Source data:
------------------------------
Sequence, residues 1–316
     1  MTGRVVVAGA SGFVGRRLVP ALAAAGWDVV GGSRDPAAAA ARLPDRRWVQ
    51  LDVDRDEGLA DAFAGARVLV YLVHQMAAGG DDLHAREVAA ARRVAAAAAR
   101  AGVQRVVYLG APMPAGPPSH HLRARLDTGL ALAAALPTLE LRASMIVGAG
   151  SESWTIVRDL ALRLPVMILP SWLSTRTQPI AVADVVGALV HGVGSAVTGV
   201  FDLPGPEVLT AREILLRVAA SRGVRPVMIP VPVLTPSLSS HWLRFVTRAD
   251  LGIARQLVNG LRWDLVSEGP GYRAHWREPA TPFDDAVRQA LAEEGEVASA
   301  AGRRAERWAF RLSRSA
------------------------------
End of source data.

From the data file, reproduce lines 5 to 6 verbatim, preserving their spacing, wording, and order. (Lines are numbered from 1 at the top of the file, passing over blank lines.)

   151  SESWTIVRDL ALRLPVMILP SWLSTRTQPI AVADVVGALV HGVGSAVTGV
   201  FDLPGPEVLT AREILLRVAA SRGVRPVMIP VPVLTPSLSS HWLRFVTRAD